This is not the first time Segal has bridged the cultural divide. Back in the 1980s, when Rush Limbaugh was attacked as an anti-Semite for referring to the “Jewish lobby” on the air, Segal acted as his advocate in the Jewish community. The campaign against Limbaugh reached a climax when he was thrown out of New York City’s Parker Meridien hotel, where he had been staying temporarily after moving to New York City. Shortly thereafter, Zev Chafets recalls in his book Rush Limbaugh: An Army of One, Segal “got Limbaugh on the phone.” He told Limbaugh, “You haven’t done anything wrong, I will protect you.” Limbaugh in January recalled on the air that Segal “saved me with the New York Jewish community, ‘cause I didn’t know what [‘Jewish lobby’] meant.”
Limbaugh and Segal also traveled to Israel together, and Limbaugh repeatedly aired a highlight reel from the trip — it featured Limbaugh touring Masada, chatting with former Israeli prime minister Yitzhak Rabin, praying at the Wailing Wall, and flying to a military briefing in the Golan Heights, all set to Jewish music — on the television show he hosted at the time. “And here I am about to conduct a Merkava 3 tank,” Limbaugh said as the video concluded. “Note that I look nothing like Michael Dukakis.”
The latest jaunt seems to have had its intended effect. Paul says the experience had an impact on him. “The spirituality of it, the historical relationship with Christianity and Judaism, just the linkage to all the stories of the Bible and just being there, being on the Sea of Galilee, those things are sort of beyond words.” Being in Israel also developed in him “a sense of kinship” with the people. “The one thing I’ve said over and over again is that we should quit sending money to countries that are burning our flag, and that, you know, that’s the one thing I think you’ll never see in Israel is anyone burning our flag.”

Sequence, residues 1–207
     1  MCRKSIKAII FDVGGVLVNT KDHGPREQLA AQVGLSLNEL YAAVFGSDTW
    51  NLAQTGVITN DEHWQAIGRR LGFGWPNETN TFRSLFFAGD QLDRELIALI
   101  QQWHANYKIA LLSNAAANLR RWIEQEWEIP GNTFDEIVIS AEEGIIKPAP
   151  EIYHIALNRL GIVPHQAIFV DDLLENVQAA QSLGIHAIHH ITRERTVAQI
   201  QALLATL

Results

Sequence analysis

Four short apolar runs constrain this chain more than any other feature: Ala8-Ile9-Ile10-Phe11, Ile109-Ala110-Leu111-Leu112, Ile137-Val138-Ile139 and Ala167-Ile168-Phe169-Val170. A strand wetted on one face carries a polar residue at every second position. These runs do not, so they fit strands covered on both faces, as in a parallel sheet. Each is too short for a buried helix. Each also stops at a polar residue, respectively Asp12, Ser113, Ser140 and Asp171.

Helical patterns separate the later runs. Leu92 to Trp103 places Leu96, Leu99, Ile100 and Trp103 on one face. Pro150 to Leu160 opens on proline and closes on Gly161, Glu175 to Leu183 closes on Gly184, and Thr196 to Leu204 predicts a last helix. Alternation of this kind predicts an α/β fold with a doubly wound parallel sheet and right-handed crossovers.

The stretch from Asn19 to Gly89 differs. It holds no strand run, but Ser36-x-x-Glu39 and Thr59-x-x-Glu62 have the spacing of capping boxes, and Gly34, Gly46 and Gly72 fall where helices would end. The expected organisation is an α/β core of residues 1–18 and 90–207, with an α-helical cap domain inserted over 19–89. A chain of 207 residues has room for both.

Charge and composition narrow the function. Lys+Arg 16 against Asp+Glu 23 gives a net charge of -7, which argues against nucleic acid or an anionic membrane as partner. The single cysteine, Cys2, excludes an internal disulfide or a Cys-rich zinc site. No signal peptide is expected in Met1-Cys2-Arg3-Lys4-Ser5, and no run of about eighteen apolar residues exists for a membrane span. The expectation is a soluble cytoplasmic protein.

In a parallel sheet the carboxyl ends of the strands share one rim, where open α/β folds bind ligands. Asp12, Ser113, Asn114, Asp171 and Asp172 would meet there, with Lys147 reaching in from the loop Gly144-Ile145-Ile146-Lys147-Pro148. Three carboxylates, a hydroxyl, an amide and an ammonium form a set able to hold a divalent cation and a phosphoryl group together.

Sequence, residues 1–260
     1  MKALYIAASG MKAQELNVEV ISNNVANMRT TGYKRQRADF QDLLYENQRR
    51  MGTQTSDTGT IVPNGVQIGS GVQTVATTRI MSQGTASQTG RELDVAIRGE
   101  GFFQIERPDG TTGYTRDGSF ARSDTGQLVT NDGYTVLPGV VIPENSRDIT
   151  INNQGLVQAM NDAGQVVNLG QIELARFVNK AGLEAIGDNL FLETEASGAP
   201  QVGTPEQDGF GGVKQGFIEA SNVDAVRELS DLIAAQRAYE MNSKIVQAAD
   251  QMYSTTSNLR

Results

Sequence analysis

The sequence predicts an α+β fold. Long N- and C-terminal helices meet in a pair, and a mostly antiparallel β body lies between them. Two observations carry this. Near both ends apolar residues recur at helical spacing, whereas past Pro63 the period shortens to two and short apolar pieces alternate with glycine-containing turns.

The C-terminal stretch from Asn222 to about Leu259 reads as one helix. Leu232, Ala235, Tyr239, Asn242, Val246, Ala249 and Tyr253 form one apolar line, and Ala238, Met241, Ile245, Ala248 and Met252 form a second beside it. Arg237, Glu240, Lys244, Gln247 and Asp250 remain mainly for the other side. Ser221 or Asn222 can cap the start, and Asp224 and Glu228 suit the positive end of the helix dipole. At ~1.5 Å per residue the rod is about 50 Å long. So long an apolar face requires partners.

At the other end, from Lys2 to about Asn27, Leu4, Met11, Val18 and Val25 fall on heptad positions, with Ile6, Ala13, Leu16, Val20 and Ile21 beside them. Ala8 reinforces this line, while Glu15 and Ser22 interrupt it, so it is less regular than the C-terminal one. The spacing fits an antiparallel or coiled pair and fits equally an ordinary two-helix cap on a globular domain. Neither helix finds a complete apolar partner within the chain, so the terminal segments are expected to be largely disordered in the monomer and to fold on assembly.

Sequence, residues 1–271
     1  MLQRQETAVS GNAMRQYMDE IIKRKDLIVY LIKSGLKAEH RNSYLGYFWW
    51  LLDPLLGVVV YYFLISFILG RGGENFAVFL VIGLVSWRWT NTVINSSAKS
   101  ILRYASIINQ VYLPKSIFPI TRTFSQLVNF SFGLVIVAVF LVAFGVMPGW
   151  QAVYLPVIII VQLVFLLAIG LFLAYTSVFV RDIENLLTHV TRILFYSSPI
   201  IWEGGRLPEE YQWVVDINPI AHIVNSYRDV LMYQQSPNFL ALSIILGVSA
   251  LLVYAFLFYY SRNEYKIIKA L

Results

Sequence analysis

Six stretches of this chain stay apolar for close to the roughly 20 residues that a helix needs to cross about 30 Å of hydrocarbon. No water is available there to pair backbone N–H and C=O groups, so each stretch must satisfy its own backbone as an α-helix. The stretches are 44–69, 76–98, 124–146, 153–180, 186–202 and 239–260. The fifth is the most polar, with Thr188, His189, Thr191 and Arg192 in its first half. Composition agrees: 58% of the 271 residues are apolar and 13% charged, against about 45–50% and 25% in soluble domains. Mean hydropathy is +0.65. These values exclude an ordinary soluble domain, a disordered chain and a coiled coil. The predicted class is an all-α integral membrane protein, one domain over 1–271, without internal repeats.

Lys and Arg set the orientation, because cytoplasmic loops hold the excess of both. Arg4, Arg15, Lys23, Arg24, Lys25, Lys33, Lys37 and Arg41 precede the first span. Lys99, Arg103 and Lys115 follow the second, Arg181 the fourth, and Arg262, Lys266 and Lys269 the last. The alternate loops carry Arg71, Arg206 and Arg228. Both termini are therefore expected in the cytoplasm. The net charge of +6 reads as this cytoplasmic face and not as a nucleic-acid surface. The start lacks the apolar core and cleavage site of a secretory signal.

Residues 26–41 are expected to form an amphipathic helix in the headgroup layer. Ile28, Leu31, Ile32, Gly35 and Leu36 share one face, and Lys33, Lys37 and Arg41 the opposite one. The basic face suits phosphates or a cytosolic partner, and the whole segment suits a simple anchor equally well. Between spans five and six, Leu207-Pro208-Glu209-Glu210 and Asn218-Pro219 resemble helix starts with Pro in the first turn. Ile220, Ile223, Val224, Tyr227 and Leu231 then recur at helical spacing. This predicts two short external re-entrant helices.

He still maintains that foreign aid to all nations, including Israel, should end, though he argues for closing the spigot to America’s enemies first and then gradually reducing the funding for American allies. By contrast, he remains more aggressive than most on the issue of Israel’s settlements. After meeting with Jerusalem mayor Nir Barkat and others, he says, “You get the idea from them that they’re put off that American politicians would come over and tell them where neighborhoods could be built.” Paul argues that such decisions are “completely their business and not ours.” A New York Post column called his statements the most supportive since Sarah Palin’s 2009 assertion that Israel should be allowed to expand settlements.
Though Paul discourages reading too much into his trip — “When you get to Washington, everyone asks you, ‘When do you want to go to Israel?’” — he acknowledges that he needs to strike out on his own, given his father’s well-known foreign-policy views: “I guess I don’t look at it in really a calculated way. I am my own person and as I move forward I have to and want to present to the public . . . in my state and elsewhere, who I am and what I stand for, but it’s not so much that I want to say ‘Oh, I’m different on this, this, and this,’ it’s really getting beyond the comparison just to being who I am.”
Lane left Jerusalem satisfied, having learned what he set out to discover: Paul, he says, is a believer. “When we were there, they had an eight- or ten-year drought going on. The week we were there, they ended the drought, it rained like hell.” En route to Galilee, their bus encountered rockslides and collapsed bridges, and the group was stranded on the vehicle for hours. They turned to the tour bus’s sound system for entertainment. “Rand said that he wanted to hear ‘Stairway to Heaven’ by Guns N’ Roses,” Lane recalls. (The senator’s office writes to say the request was actually for “Knockin’ on Heaven’s Door.”) Then he requested a song by Aimee Allen, who famously sang “The Ron Paul Anthem” at a concert for the elder Paul during his presidential campaign. Asked about Allen, Paul told Lane, “She’s just gone through awful stuff and she’s turned her life around.”
“So, she’s a believer?” Lane asked. “Yup, she’s a believer,” Paul responded.
– Eliana Johnson is media editor of National Review Online.